7. #322
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    Four Turkish Military officers have now been granted refugee status in Germany.

    The four are part of the six in this article, foremost Colonel Ilhami Polat who is being accused of masterminding the coup. The other three have not been named.

    So far, 768 Turkish citizens with military or diplomatic passports have sought refuge in Germany. 401 of these have been granted refugee status so far.

    Turkish media have already picked up on Polat's refugee status. Gonna be fun, especially given we currently have Kurds out rallying in the streets anyway.

  8. #323
    Former Staff Senior Contributor Ironduke's Avatar
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    Quote Originally Posted by kato View Post
    Walked by a "Hayir!" booth today advertising voting No on the referendum btw. Most Turks in the city don't risk being seen near it. The Kurdish booths not quite advertising for both PKK and Rojava that are usually in the same place tend to have a lot more people attending. And grim-faced, grey-haired Turks across the street watching who steps near those like hawk...err, wolves would probably be the better word.
    I find this extremely disturbing. I naively had high hopes for the AKP last decade, that they might evolve into something like a Christian Democratic party in Europe and be a model to other countries in the Islamic world but instead, an autocratic dictatorship was created.

    It's not enough for him to have total control and repress all dissent at home, Erdogan has to expand his autocratic reach into a free democracy, creating a culture of fear among the Turkish expatriate community in Germany.

    I understand that Erdogan has built up a network of thousands of MIT informants in Germany. I don't envy the BND, it seems they are beleaguered in the extreme with these hostile activities by a state that is supposed to be an ally. It must be a very unwelcome distraction considering everything else they have on their plate.

    Whom does the Turkish government consider to be Turkish "enemies abroad" in Germany? At this point, it seems to be anyone who is simply critical of his regime. What does the Turkish government use as leverage against Turkish Germans? Does the Turkish government take action against innocent family members of Turkish Germans living in Turkey? Arbitrary arrests, job loss?

    I look forward to your updates, both here and on other threads. Very enlightening.
    Last edited by Ironduke; 01 Mar 18, at 11:23.

  9. #324
    FreeGeneral Senior Contributor Big K's Avatar
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    Quote Originally Posted by Ironduke View Post
    ......I naively had high hopes for the AKP last decade,....
    i you remember i warned all from day 1 about them.

    the west should keep it with seculars... but not with Kilicdaroglu...

    CHP needs a new and charismatic leader.

    like Umut Oran perhaps
    Love all, trust a few, do wrong to none; be able for thine enemy rather in power than use; and keep thy friend under thine own life's key; be checked for silence, but never taxed for speech.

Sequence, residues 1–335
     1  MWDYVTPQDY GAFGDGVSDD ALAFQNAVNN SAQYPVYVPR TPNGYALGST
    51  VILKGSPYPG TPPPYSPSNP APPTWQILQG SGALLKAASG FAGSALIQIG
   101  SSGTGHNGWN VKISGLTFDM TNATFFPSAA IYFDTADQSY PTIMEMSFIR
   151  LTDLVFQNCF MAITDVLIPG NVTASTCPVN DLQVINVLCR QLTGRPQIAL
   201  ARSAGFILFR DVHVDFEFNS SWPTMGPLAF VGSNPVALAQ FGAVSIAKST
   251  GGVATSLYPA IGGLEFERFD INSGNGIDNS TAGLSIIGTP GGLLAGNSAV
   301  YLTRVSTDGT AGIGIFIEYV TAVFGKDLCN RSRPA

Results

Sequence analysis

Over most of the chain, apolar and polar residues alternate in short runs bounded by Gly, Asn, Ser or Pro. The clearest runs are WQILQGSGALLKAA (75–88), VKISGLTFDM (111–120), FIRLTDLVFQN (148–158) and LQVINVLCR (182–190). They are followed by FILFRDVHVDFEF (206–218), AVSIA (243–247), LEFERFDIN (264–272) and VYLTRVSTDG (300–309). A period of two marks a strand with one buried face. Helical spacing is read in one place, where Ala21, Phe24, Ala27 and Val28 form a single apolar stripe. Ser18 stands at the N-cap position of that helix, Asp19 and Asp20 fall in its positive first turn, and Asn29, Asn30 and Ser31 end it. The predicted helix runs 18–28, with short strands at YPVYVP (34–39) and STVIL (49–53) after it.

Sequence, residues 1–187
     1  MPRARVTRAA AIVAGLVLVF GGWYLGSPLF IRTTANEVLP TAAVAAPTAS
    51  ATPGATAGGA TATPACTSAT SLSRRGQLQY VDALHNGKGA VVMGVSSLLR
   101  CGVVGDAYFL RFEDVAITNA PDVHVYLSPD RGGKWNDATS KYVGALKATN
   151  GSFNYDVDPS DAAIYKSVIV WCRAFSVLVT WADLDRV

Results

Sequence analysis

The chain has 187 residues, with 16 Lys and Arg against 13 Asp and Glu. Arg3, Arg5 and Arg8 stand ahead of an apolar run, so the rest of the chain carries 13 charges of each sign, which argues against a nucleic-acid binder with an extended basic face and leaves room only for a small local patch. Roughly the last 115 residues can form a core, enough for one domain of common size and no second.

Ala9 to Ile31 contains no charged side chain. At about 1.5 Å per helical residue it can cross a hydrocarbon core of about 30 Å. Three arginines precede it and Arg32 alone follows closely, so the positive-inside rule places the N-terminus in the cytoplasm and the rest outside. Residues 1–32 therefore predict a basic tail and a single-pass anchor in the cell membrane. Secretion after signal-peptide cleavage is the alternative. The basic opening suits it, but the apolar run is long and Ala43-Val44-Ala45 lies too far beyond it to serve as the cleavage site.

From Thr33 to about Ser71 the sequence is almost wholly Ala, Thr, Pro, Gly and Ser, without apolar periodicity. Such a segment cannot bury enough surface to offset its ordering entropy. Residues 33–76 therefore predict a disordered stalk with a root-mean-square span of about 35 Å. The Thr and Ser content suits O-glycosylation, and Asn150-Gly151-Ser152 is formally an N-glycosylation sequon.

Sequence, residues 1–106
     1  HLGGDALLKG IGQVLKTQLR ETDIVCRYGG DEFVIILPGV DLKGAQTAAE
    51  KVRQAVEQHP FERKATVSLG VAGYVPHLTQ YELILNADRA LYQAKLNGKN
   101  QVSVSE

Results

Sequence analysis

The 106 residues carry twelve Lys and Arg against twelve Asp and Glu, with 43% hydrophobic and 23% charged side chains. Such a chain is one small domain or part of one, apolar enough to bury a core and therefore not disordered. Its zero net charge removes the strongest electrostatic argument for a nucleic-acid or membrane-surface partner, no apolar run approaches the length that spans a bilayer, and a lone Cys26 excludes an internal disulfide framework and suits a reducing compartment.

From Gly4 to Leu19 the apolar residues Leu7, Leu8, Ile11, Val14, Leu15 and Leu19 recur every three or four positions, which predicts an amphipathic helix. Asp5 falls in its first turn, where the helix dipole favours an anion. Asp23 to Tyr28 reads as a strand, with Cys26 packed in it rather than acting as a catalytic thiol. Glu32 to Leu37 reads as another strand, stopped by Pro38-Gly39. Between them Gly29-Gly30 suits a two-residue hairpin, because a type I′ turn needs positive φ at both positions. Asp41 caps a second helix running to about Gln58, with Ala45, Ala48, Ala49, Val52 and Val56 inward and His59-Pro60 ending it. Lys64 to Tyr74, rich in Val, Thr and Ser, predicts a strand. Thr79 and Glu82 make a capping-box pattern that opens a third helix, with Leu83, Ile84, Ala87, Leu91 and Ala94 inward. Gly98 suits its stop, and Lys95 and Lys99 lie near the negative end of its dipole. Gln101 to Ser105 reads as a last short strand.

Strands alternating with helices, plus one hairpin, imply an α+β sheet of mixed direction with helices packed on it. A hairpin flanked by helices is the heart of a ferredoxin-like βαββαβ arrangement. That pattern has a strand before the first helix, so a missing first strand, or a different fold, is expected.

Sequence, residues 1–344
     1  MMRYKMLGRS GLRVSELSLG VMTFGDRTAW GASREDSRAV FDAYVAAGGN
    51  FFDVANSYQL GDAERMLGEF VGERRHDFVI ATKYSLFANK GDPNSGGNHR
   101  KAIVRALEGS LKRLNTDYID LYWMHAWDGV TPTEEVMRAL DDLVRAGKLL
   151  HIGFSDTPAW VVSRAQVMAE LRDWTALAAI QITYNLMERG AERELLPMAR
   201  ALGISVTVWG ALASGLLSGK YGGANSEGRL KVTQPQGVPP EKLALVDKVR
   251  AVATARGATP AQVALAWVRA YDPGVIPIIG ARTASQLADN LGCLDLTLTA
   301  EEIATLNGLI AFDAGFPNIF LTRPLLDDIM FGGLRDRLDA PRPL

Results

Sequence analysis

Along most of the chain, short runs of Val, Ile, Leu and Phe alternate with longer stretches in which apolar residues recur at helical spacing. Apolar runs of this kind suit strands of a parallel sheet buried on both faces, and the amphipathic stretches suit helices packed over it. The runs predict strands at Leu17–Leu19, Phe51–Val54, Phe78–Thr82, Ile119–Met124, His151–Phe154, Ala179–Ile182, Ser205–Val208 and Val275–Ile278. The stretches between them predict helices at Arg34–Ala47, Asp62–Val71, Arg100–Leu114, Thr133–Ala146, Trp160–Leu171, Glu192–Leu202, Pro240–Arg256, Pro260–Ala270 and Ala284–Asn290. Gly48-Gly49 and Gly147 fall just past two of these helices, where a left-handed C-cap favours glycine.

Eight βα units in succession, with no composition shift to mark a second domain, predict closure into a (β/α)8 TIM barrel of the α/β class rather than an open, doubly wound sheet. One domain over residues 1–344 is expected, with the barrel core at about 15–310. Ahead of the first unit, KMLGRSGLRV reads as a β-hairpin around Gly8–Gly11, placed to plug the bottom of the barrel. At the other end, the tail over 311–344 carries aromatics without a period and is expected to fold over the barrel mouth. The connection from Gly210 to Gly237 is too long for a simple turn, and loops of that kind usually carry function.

10. #325
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    Quote Originally Posted by Ironduke View Post
    I understand that Erdogan has built up a network of thousands of MIT informants in Germany. I don't envy the BND, it seems they are beleaguered in the extreme with these hostile activities by a state that is supposed to be an ally. It must be a very unwelcome distraction considering everything else they have on their plate.
    Different agency, BVS is responsible for counterespionage; BND only have a mandate for spying themselves abroad. Newest development in that regard is that apparently MIT is trying to install double agents in BVS, a couple suspected agents were uncovered among job applicants in December; previously there were only e.g. translators known to work for both agencies, this time it's about actual internal staff positions.

    Quote Originally Posted by Ironduke View Post
    What does the Turkish government use as leverage against Turkish Germans? Does the Turkish government take action against innocent family members of Turkish Germans living in Turkey? Arbitrary arrests, job loss?
    Haven't heard anything about action against family members based on support for FETÖ in Germany; if relatives are arrested it's because they're suspected themselves in Turkey. There seems to be some harassing of relatives of those people who appear on watchlists, but that's mostly in the form of frequent "interviews" by law enforcement.
    Leverage against Turkish Germans living in Germany otherwise seems to be mostly in travel restrictions - most Turkish Germans do frequently e.g. visit relatives - and financial restrictions - with regard to money and assets held in Turkey. The same methods that Turkey has for decades applied against Turkish-Germans who dodge the draft in Turkey.

  11. #326
    Former Staff Senior Contributor Ironduke's Avatar
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    Quote Originally Posted by Big K View Post
    i you remember i warned all from day 1 about them.

    the west should keep it with seculars... but not with Kilicdaroglu...

    CHP needs a new and charismatic leader.

    like Umut Oran perhaps
    Do you think it's even possible for another party to win an election in the foreseeable future against the AKP?

    Seems Erdogan is using the same playbook as Putin and United Russia.
    Last edited by Ironduke; 03 Mar 18, at 05:41.

  12. #327
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    http://foreignpolicy.com/2018/03/02/...ostage-taking/

    Turkey’s New Foreign Policy Is Hostage-Taking
    The West knows what Ankara is up to, but won’t call it by its name.

    Turkish hostage-taking has become one of the most pressing problems in relations between Ankara and its Western allies. It is something that everyone knows is happening, but political leaders and diplomats are reluctant to call it by its name.

    The most recent case concerns German-Turkish journalist Deniz Yucel, who was arrested in Turkey in February 2017 on accusations of propaganda for a terrorist organization. Yucel, a correspondent for Die Welt known for his journalism about Turkey’s crackdown, had written articles based on the hacked emails of Turkish President Recep Tayyip Erdogan’s son-in-law, Energy Minister Berat Albayrak.